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analysisIsrael at War

Israel navigates Tehran’s multiple fronts as regional tensions rise

“Who told you that we do not attack in Iran?” Netanyahu asked.

An IAF fighter jet in the skies of Israel, April 26, 2023. Photo by Anthony Hershko/TPS.
An IAF fighter jet in the skies of Israel, April 26, 2023. Photo by Anthony Hershko/TPS.
Baruch Yedid

In a recent press conference, Prime Minister Benjamin Netanyahu hinted at Israel’s involvement in countering Iranian influence across various fronts.

The comment shed a little light on what Israel’s security establishment and media refer to as the “multi-arena campaign,” a complex geopolitical challenge that Jerusalem finds itself entangled in.

Asked by a reporter why Israel was attacking Iran’s proxies and not Iran, Netanyahu replied, “Who told you that we do not attack in Iran?”

Israel, traditionally discreet about such operations, is now openly acknowledging its involvement in a multi-arena campaign. Declarations by Defense Minister Yoav Gallant and military Chief of Staff Lt. Gen. Herzi Halevi affirm Israeli activities in Gaza, Lebanon, Syria, Iraq, Yemen and the Red Sea.

“Israel is gradually finding itself facing a multi-arena campaign, as evidenced by a series of assassinations attributed to it,” a high-ranking source in the Israeli security establishment said.

In Lebanon, the most recent events include the assassination of two members of Hezbollah’s security unit in Southern Lebanon as well as the elimination of Ali Haderaj, who was responsible for coordinating between Hezbollah and Hamas. The highest profile strike was the January assassination of Saleh al-Arouri, killed at the Hamas headquarters in southern Beirut’s Dahiya district, a Hezbollah stronghold.

Syria has also witnessed a surge in attacks attributed to Israel. On Saturday, an air strike attributed to Israel killed five Iranian Islamic Revolutionary Guards Corps figures. Most senior among them was Gen. Sadegh Omidzadeh, who held the Iranian intelligence file in Syria.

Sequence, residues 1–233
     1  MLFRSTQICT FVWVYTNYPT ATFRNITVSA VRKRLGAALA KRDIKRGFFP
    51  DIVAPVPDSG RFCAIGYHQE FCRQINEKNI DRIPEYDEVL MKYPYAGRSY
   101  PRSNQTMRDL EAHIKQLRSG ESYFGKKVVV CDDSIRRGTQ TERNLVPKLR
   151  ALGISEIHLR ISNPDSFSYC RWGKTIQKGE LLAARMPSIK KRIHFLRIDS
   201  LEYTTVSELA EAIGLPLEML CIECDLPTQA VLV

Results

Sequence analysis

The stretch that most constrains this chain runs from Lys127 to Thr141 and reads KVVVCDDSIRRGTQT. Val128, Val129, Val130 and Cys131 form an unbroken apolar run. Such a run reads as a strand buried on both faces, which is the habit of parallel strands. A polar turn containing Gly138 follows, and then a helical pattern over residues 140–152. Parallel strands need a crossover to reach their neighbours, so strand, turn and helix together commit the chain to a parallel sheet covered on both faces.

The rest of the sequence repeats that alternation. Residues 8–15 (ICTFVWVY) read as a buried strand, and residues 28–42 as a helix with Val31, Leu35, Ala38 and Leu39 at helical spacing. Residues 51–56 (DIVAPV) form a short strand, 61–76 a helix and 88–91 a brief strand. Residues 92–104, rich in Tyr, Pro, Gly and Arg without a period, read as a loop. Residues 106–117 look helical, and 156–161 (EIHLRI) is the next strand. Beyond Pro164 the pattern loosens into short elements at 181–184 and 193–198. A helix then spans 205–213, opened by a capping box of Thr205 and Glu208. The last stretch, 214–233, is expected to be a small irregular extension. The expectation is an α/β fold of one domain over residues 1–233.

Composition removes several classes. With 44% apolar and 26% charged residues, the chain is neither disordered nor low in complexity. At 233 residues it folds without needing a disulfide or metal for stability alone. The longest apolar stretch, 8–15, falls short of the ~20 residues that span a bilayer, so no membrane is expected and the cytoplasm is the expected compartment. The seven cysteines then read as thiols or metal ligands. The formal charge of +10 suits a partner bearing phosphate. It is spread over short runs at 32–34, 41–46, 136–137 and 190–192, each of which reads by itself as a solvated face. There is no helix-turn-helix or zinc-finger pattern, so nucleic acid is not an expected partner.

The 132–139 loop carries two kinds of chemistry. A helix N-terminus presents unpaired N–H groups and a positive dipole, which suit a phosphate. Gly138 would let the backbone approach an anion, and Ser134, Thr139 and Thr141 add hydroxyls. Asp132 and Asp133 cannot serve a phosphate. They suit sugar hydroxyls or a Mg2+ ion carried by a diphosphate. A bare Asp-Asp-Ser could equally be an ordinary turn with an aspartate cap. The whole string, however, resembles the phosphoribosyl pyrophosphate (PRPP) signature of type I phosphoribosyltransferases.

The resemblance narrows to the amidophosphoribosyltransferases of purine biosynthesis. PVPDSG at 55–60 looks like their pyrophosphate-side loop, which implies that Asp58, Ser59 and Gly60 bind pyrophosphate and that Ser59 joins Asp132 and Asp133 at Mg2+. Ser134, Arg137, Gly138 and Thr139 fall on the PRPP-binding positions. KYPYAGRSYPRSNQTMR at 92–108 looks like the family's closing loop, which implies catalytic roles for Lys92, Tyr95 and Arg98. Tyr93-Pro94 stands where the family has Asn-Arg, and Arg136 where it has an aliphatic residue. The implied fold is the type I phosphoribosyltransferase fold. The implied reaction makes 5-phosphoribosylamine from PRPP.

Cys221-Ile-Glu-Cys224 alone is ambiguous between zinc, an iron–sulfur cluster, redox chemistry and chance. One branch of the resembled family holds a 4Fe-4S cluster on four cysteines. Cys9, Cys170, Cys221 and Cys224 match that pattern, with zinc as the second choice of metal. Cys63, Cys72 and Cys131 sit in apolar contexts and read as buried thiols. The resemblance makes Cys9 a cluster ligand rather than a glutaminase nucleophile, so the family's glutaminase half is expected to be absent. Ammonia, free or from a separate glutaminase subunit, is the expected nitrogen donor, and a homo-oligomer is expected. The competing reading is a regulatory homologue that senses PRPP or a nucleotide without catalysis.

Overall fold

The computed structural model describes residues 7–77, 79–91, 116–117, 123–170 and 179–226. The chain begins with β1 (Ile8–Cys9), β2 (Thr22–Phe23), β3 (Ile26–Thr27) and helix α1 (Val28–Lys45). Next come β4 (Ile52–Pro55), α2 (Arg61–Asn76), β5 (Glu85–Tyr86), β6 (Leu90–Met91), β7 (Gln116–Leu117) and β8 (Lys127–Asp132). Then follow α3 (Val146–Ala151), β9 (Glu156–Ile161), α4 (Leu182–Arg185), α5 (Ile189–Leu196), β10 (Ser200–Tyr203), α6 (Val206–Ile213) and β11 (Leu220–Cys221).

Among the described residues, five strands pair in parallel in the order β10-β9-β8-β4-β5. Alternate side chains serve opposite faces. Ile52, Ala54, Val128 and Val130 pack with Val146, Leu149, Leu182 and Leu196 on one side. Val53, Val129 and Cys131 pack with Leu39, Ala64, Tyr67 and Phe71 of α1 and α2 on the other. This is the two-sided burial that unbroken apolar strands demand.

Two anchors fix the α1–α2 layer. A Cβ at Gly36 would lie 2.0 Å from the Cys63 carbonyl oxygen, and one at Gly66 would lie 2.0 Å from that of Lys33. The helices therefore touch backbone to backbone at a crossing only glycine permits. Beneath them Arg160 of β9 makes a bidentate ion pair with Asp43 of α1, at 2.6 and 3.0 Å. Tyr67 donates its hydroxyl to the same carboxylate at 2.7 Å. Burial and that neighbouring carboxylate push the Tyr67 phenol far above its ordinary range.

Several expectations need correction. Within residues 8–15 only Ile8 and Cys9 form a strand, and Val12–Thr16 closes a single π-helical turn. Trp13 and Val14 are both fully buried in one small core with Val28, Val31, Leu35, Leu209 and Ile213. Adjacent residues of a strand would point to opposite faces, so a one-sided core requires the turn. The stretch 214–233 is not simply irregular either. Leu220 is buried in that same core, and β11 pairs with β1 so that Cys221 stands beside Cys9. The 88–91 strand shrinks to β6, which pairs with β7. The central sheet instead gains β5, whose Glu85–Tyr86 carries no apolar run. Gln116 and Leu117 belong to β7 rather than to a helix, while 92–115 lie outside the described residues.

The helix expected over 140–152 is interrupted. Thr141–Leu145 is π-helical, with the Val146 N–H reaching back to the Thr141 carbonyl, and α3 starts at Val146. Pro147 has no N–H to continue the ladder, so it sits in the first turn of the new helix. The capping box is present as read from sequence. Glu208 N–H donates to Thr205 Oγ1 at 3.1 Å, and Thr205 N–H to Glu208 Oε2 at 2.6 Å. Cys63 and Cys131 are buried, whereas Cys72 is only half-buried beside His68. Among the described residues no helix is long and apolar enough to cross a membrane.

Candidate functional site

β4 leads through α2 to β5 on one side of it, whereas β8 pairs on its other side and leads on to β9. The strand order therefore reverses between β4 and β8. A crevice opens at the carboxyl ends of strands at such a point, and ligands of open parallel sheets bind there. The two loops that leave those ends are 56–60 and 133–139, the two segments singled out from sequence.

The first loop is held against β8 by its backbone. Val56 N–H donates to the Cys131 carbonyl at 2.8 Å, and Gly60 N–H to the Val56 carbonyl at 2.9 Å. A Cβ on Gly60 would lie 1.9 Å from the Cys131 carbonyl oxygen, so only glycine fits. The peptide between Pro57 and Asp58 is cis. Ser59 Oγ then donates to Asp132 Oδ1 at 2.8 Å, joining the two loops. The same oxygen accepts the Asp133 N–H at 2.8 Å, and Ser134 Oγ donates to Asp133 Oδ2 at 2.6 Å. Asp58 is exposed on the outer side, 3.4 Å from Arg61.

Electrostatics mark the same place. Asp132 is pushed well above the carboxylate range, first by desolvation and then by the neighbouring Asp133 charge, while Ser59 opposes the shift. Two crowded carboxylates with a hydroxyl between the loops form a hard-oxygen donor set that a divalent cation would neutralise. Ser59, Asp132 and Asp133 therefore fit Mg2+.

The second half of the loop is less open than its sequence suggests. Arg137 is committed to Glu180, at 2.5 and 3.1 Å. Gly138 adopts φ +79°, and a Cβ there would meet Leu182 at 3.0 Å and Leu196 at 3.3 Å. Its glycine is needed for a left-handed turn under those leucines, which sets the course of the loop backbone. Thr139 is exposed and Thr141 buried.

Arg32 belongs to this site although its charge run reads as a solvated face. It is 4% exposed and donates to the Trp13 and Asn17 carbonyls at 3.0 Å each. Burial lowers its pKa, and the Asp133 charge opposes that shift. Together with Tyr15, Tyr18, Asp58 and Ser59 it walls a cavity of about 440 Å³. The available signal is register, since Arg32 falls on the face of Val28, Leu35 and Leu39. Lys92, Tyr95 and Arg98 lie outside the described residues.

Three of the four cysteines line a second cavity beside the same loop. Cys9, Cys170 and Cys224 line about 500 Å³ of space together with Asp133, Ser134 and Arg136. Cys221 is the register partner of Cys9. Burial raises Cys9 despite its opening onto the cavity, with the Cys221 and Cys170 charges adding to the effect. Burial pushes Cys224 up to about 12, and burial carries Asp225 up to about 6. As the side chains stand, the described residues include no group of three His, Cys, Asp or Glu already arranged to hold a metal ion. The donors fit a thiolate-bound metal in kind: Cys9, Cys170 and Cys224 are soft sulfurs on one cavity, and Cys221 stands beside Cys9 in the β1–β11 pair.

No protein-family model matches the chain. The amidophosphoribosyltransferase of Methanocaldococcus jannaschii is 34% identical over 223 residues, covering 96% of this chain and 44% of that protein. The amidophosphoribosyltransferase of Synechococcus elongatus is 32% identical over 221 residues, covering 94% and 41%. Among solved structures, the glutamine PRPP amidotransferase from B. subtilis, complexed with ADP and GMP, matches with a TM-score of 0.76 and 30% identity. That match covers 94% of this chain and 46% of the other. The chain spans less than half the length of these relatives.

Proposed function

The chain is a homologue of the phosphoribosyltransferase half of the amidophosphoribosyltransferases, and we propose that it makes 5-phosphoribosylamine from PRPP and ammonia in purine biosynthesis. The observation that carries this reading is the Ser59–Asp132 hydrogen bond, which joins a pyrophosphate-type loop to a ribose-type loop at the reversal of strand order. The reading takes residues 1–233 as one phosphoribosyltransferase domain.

Iran’s extensive network of militias in Iraq, including the popular Hashd al-Shaabi (“Popular Mobilization Forces”), Asa’ib Ahl al-Haq (“League of the Righteous”) and Badr Brigades groups, poses a significant challenge. Fueled by Iranian funds and influenced by the Islamic Revolutionary Guard Corps, these militias are actively marking Israeli cities and strategic targets as part of Iran’s broader regional strategy. Their primary goal is safeguarding Iran’s land bridge that allows Tehran to move weapons across Iraq to eastern Syria, and from there, to Lebanon or even Mediterranean ports.

These Iraqi militias have fired missiles at Israel and are responsible for numerous attacks on U.S. bases. Since Oct. 7, 70 U.S. servicemen have been wounded in escalating rocket attacks on bases in Iraq and southeastern Syria.

Most complex of all, however, is Yemen, where the Iran-backed Houthis vowed in early December to target any Israel-bound ship in the Red Sea, regardless of its ownership. However, the majority of vessels attacked have not had any apparent connections to Israel.

According to Sky News Arabia, joint American and British operations against Houthi strongholds in Yemen resulted in the death of at least 75 terrorist operatives, including members of Hezbollah and advisers from the Iranian Revolutionary Guards. Recent reports indicate Iran and Hezbollah’s collaboration in assisting the Yemeni Houthis in establishing a Red Sea outpost, providing weapons, drones, missiles, intelligence and personnel.

The ongoing war in the Gaza Strip is putting pressure on Jordan, as Iran’s proxy militias seek access to Israel’s eastern border. Jordan’s 1994 peace treaty with Israel is deeply unpopular, and an Islamist takeover of the kingdom would add another arena for Jerusalem to deal with.

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